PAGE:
Back in June 2019, the New Yorker wrote an article lambasting the Espionage Act.

The George W. Bush Administration pursued several government insiders for leaking classified information, but it was the Obama Administration that normalized the use of the Espionage Act against journalists’ sources. Among its targets were Jeffrey Sterling, a former C.I.A. officer, who was sentenced to three and a half years for supplying the Times with classified information about U.S. efforts to disrupt Iran’s nuclear program; Donald Sachtleben, a former F.B.I. agent who was sentenced to three and a half years for providing the Associated Press with information about a foiled terrorist plot in Yemen; and Chelsea Manning, a former military-intelligence analyst who was sentenced to thirty-five years for providing Assange’s WikiLeaks with hundreds of thousands of pages of classified government documents…

…(about the Trump admin) Later that year, Sessions told Congress that the Justice Department was engaged in twenty-seven investigations into classified leaks — a dramatic escalation over previous years. In the two and a half years since Trump complained to Comey, the Justice Department has indicted three people under the Espionage Act for providing information of public concern to the press.

Now, the New Yorker is concentrating on people who were prosecuted for supplying information to the press, or in the case of Assange, for publishing information (acting as the press himself.) And one can easily say “This isn’t the same thing — Trump isn’t a whistleblower.”

And I agree. If Trump has taken information and given it to a foreign power, then it’s one of the few semi-legitimate uses of the Espionage Act to go after him.

But if it’s just sat in some boxes, well, the truth is that for senior people, like Clinton (yes, a junior person would have had their career destroyed and likely gone to prison for using their own private server the way she did) and General Petraeus (who avoided indictment under the act), the law is usually an empty letter.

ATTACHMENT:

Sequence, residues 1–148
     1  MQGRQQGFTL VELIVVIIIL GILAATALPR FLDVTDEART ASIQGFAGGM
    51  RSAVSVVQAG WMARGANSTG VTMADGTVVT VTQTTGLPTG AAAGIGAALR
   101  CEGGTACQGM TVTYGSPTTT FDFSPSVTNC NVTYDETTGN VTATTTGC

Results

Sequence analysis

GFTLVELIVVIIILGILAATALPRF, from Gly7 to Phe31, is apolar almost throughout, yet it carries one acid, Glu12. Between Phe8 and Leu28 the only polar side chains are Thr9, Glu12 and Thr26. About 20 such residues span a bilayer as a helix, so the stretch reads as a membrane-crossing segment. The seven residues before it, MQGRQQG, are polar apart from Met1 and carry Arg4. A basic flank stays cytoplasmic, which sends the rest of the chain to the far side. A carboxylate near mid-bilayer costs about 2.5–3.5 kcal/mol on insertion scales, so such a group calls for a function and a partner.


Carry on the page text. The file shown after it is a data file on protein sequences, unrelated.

One might then say, well, but these are nuclear secrets and much more serious.

But all of this caviling and caveats brings out the essential point: The Espionage Act is so widely written that it’s a prosecutor’s cudgel, and the choice of whether to use it or not is a political decision, not a matter of whether someone violated the letter of the law. For most of the 20th century, after the original proscriptions (used against communists and people who opposed the draft), it was rarely used, and the choice to use it was clearly a political choice.

It’s a bad law. It shouldn’t be on the books. If it is on the books, it should be applied evenly, and in all cases, for the simple reason that using it against people with power is how it would be repealed and replaced with something much less prone to abuse. If it had actually been used against Clinton, there would have been massive pressure to repeal it.

And that’s the good thing, here. If it’s used against Trump, well, perhaps the Republicans, next time they’re in a position to do so (which could be as early as 2024), will repeal it.

Or, instead, maybe they’ll go tit-for-tat and continue with its weaponization, going after Democrats and left-wingers.

That would be bad, but it would also have the potential for good. You get rules of war and politics when both or all sides have been monsters, and they finally realize that mutual monstrosity is bad.

As for Trump, I have little sympathy. He used the law badly, and for him to be hoist on it amuses. It’s a pity that Obama, who really weaponized it, is smart enough to have not laid himself open. But if I were Clinton, I’d be concerned after 2025.